You will also find guidance on some of the larger decisions you may face as a caregiver-from confronting the need to curtail a loved one’s driving to the many considerations that surface in deciding whether to move someone to a nursing home or other residential care facility.
You’ll quickly discover that what sets Caring for a Loved One with Alzheimer’s Disease apart from other books is its warmth and deeply personal tone.
This 131 page digital .pdf report provides in-depth discussions on every essential topic where you can benefit from expert advice, including:
Aggression, Agitation, Shouting, Hallucinations …
Many people think of Alzheimer’s as strictly a memory-stealing ailment. But as a caregiver, you know that it may also unleash difficult-to manage behaviors. In our guide, Dr. Rabins addresses frequently asked questions on troubling Alzheimer’s behaviors. For example:
Caregiver Burnout Takes a Toll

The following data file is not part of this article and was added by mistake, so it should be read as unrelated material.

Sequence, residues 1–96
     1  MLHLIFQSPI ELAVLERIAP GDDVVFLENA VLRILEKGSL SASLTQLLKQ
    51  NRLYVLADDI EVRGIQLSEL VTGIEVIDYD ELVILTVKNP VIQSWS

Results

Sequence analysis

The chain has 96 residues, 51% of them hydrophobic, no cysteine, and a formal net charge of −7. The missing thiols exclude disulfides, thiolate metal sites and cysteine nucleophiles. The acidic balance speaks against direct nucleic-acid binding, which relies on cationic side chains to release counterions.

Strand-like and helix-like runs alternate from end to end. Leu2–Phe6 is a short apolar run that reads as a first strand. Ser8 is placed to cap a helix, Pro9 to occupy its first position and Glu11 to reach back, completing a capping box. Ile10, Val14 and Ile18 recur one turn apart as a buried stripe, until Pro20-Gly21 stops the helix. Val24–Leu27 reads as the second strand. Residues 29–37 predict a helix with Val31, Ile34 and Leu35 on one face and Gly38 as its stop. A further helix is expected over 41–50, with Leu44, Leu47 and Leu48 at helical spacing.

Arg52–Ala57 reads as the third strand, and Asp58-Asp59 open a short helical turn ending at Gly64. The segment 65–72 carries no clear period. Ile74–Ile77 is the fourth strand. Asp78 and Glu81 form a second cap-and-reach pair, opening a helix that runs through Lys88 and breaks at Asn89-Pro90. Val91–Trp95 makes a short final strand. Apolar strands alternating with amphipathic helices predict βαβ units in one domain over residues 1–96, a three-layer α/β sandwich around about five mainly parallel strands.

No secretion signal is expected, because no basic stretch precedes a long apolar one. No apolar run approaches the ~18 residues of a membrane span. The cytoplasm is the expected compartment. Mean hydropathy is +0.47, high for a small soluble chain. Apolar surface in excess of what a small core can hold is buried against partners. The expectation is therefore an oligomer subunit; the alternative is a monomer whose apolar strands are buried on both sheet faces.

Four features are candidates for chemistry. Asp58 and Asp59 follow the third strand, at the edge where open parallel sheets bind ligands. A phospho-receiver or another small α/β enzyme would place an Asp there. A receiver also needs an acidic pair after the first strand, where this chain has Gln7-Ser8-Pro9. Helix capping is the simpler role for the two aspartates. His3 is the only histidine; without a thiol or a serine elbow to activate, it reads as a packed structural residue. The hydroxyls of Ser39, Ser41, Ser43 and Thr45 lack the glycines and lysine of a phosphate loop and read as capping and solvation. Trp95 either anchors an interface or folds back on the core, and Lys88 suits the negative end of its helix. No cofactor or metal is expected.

Feeling overwhelmed? Caregivers have been described as “hidden patients” because many of their own emotional and physical needs go unattended while they provide care to others. Perhaps you’ve wondered:
Caring for a Loved One with Alzheimer’s Disease discusses these and other caregiver concerns. And that’s just the start.
When is it time to take away the car keys? Dr. Rabins explains why Alzheimer’s patients lose the ability to drive and how you should address the driving issue. He explores:
What the car represents to an older person … signs you should watch for when determining a loved one’s driving competence … how to find a driving rehabilitation specialist in your area … how to initiate the conversation about driving competence with the Alzheimer’s patient.